Oh, they can live totally submerged in water for a long period so perhaps that can be a new method to display a bonsai - in an aquarium. Now wouldn't that be something!

Rob, it's too bad that you had poor luck with water-elm. My experience with them has been pretty much the opposite of yours. I have found the deadwood is surprisingly durable, and here they'll grow like a weed even after you pot them. I've grown them in every style except semi-cascade and cascade; Vaughn Banting had formal and informal uprights, raft, and broom (that I know of). The larger cuts are slow to heal, that's true. I suspect it's where you are, as you noted. The tree does like its dormant period.

Below is a piece of raw material I collected this past February. It's well over 100 years old, and has spent a good deal of its life under water. But you can see where the water level was at one point, as the beavers took advantage of the (surprisingly durable) wood. There's a hollow where this attack happened, but the tree did not rot out in the center as you might expect leaving a tube of living wood. In fact, I've never seen a specimen that was hollowed out. They tend to grow with multiple trunks in the wild, and often one or more of the trunks will die. You'll get a nice hollow at the base, as in the tree above, but the wood is good and sound.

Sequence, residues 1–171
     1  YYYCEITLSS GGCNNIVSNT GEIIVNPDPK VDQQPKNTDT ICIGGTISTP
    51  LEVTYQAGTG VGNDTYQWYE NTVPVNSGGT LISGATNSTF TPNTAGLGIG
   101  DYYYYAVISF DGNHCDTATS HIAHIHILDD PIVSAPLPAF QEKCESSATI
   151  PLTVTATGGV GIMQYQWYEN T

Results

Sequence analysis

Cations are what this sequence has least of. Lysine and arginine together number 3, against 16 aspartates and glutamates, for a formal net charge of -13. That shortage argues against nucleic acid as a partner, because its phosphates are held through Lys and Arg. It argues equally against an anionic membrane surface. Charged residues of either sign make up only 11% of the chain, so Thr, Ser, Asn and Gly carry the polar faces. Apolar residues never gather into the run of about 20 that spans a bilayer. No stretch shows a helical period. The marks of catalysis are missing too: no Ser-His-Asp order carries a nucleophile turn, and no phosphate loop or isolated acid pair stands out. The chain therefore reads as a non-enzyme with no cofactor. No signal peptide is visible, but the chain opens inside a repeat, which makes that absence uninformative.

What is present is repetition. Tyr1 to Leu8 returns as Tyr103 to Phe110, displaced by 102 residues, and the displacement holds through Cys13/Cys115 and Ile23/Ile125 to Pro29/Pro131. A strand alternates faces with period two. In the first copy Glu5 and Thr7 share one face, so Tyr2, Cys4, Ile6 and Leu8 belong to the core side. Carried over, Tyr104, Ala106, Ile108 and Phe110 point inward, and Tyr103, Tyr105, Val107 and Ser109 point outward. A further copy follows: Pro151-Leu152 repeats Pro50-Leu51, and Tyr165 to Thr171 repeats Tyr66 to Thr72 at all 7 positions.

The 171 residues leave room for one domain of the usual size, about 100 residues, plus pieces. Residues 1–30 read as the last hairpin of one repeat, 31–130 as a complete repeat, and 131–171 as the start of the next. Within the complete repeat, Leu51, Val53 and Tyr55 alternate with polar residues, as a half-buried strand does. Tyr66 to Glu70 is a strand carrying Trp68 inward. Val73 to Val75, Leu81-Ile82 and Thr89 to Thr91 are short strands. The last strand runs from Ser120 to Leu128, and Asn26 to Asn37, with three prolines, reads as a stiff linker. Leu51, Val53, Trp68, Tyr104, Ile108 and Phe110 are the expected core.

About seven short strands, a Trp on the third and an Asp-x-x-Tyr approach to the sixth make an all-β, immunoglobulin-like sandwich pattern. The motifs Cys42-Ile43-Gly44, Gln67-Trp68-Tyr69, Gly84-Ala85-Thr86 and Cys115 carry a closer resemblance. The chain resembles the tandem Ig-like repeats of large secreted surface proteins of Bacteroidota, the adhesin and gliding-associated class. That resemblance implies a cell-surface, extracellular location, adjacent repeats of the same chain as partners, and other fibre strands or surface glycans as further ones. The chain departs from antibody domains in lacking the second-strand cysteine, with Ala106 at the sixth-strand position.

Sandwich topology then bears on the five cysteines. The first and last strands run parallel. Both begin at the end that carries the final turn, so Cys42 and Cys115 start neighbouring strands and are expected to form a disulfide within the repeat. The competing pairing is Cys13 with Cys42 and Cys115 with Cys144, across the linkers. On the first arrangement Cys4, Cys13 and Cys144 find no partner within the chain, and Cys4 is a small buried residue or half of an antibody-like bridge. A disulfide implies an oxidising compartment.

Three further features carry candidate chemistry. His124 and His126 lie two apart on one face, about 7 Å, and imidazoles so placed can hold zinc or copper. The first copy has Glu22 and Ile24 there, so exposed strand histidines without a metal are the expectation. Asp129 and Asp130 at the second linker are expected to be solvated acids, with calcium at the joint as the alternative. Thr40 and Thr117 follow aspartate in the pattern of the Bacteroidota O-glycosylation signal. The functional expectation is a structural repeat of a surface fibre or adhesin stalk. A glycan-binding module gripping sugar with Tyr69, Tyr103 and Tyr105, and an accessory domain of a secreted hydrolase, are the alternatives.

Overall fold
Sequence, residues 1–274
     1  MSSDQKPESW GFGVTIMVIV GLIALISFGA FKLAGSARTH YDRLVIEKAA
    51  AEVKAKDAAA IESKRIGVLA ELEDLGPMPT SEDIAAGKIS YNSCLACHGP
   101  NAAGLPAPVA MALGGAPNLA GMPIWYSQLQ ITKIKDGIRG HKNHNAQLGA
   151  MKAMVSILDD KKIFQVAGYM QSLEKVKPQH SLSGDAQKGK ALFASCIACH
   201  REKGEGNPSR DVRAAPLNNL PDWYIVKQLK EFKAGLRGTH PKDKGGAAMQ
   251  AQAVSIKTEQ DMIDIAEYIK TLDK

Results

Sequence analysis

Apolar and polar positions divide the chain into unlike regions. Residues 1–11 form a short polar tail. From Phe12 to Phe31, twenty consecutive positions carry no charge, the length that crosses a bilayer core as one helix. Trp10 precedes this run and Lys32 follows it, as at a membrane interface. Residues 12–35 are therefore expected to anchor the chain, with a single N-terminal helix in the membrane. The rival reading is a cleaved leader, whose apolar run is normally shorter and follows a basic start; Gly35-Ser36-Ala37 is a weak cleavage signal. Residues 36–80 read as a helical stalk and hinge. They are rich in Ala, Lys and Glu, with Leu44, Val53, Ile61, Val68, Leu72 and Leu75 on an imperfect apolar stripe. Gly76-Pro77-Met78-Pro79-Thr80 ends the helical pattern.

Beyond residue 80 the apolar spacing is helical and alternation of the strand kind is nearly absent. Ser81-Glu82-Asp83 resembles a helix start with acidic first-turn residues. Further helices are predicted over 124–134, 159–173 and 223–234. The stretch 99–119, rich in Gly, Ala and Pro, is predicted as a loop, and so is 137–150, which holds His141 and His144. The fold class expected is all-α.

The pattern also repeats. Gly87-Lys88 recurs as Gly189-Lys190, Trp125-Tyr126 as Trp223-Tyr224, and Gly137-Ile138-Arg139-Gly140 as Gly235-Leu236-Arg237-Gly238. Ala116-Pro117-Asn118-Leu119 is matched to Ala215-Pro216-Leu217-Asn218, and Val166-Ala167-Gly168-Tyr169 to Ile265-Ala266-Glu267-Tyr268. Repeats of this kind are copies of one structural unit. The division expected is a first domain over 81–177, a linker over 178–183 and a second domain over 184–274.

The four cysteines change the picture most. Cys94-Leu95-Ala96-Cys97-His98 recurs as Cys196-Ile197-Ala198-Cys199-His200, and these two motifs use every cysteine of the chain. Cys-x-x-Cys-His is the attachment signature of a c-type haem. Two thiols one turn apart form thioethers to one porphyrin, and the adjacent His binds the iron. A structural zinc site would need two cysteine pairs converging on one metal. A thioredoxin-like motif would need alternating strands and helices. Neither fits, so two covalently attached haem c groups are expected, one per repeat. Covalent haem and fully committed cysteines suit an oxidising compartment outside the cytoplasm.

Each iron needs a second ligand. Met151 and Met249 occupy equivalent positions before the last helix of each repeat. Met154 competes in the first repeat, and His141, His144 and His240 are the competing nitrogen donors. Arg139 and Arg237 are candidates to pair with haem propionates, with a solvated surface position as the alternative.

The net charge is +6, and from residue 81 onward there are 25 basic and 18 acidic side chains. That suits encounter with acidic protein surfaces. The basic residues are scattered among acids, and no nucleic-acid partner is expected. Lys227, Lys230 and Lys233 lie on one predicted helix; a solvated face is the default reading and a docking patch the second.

Russell, I've gotten pretty good ramification with my water-elms in just a few years. They do throw branches at odd angles, but I take it in stride. They're just too attractive not to.

Zach




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Re: Water-elm - First Potting